Czechs Brace for Revamp
In contrast to its neighbors, the Czech Republic switches to free market with ease
ON a European continent wrenched by a recession in the West and radical reforms in the East, the Czech Republic stands relatively content in the middle. It has so far maintained political and social stability while undergoing drastic economic change.
By just about any measure, the Czech Republic can be considered the biggest economic success story among Eastern European nations trying to make the unprecedented switch to a market economy from a communist command system.
Nearly all Eastern European governments have stumbled, and some have retreated slightly on reform attempts since 1989, the year that totalitarian governments came crashing down throughout the region. But here, the fiscally conservative policies of Czech Prime Minister Vaclav Klaus have remained largely intact, even amid last year's peaceful partition of the former Czechoslovakia.
Unemployment, the scourge of the European Union, is relatively unknown in this nation of 10.5 million. The roughly 3.5 percent jobless rate is the Continent's second lowest behind Luxembourg.
Other favorable economic conditions in the Czech Republic include: a stable currency; a relatively low 1993 inflation rate of 18 percent, which is projected to fall further this year; and no significant foreign debt.
Czech government officials say foreign investment is pouring into the country, and trade with Western Europe is rising. Czech Central Bank figures show that foreign investment totaled about $455 million during the first nine months of 1993, one of the highest rates of investment per capita in Europe.
But despite all the bright statistics, many prominent figures in the nation's fledgling financial community say now is no time for self-congratulation. This nation still faces the daunting challenge of economic restructuring, experts and officials say.
``Right now there is a gap between stabilization and restructuring,'' explains Pavel Kavanek, chairman of Ceskoslovenska Obchodni Banka, the principal foreign trade bank of both the Czech and Slovak republics.
Among the challenges is an expected rise in unemployment. As market conditions develop, entire industrial sectors stand to be phased out and others to undergo consolidation. The Czech consumer electronics industry, for example, is one likely casualty. ``Everyone knows the Asians can make the products cheaper,'' says Michal Otradovec, a senior consultant with BIG, a Prague-based financial consulting firm.
Structural changes are likely to begin in earnest following the completion of the government's ambitious privatization program. The latest stage of that program was completed last December, when more than 6 million Czechs registered for vouchers to be used to buy shares in 770 companies worth an estimated $5 billion.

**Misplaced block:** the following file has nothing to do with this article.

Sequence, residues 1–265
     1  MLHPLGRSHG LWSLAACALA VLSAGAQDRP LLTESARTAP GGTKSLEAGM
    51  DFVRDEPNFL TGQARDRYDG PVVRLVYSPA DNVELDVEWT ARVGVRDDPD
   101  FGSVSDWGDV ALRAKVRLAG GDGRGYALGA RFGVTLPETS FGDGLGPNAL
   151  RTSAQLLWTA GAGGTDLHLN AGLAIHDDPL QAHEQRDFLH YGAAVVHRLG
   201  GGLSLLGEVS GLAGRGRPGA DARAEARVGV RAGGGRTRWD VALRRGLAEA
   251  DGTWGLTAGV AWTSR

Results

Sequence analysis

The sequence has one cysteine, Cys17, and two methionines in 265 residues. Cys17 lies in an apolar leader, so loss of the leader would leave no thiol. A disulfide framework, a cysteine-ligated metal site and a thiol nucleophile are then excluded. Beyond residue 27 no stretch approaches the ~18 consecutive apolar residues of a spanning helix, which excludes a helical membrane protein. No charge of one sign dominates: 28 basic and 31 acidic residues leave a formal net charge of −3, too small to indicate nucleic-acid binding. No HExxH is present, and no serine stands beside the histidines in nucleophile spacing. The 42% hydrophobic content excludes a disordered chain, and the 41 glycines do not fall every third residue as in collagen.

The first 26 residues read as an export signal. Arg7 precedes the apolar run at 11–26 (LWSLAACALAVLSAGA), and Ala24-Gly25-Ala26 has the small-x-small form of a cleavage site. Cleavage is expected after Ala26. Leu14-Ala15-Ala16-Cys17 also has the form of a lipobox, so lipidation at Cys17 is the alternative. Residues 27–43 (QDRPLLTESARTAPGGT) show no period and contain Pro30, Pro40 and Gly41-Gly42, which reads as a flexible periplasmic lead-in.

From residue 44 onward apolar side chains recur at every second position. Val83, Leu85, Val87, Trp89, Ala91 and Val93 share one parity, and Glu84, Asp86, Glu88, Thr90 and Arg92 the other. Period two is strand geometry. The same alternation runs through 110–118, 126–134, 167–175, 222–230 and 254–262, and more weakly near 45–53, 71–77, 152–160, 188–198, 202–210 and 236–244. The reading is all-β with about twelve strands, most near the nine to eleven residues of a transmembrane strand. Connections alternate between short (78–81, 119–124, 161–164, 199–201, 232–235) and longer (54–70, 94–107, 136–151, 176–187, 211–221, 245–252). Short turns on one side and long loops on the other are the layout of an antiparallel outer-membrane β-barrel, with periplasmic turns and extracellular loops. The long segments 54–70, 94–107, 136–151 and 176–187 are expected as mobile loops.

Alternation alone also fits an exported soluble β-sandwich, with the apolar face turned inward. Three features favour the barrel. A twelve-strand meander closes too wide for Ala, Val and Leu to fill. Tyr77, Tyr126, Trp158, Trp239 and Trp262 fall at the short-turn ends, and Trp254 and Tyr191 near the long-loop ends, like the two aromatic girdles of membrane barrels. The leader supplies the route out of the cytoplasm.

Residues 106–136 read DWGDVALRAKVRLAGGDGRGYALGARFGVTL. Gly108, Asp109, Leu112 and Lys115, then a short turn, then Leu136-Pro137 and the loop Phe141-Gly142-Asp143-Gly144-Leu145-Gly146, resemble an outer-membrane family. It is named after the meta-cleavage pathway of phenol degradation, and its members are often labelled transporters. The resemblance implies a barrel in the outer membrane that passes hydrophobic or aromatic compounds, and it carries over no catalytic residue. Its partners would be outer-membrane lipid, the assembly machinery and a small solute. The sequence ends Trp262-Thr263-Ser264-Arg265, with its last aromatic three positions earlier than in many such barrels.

The Czech Republic's virtual dependence on Russian oil, provided via the Druzhba, or Friendship pipeline, is another cause for concern. The country's economy could suffer considerably if upheaval in Russia causes a prolonged pipeline stoppage.
Prague already has received a few scares. Last month, oil did not flow through the pipeline over a five-day period, reportedly because of a dispute between oil exporters and the Russian government over the granting of export licenses. And further disruptions are possible. The Russian government announced Feb. 9 that the nation's energy sector is on the verge of gridlock because industrial enterprises are not settling mutual debts.
The pipeline could potentially be used for political purposes by Moscow, which is hostile to the idea of its former client states joining the North Atlantic Treaty Organization. The Czech Republic is seeking rapid integration into Western European defense and economic structures, including NATO and the EU.
Hoping to avoid energy-related problems, the Czech government intends to build a second pipeline to Germany. Officials at Ceskoslovenska Obchodni Banka, one of the main financial backers of the pipeline project, say construction on oil storage facilities has already begun.
``Until this new pipeline is built, the Czech Republic will be vulnerable to Russian pressure,'' says bank spokesman Milan Tomanek. ``Having the second pipeline would be a guarantee that reforms will continue on the current course.''
Few top government officials are ready to say that the worst is over regarding the country's market transformation. However, historical and geographical factors, such as the Czech Republic's position as one of the most industrially advanced regions of Europe before World War II, are once again ready to work in the nation's favor, government officials say. ``We have Western traditions deeply rooted in our minds,'' says Miroslav Somol, deputy minister of industry and trade. ``It's just a matter of a short time before people remember these old traditions.''